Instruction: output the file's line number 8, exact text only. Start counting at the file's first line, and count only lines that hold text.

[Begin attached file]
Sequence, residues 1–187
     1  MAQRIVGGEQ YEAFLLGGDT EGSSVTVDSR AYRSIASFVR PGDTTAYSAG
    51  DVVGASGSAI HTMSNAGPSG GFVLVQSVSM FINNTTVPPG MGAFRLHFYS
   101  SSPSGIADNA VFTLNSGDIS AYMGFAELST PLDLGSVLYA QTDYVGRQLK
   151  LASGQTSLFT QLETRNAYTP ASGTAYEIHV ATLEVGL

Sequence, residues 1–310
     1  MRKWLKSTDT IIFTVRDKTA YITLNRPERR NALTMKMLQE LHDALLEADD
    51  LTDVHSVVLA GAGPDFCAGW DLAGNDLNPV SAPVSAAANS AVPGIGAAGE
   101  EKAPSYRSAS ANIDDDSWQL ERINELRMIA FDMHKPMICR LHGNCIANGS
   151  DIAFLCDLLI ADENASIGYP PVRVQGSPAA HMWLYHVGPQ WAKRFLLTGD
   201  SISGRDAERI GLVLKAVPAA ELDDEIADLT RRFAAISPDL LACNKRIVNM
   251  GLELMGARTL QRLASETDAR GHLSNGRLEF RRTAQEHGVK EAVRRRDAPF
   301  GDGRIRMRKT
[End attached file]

    51  LTDVHSVVLA GAGPDFCAGW DLAGNDLNPV SAPVSAAANS AVPGIGAAGE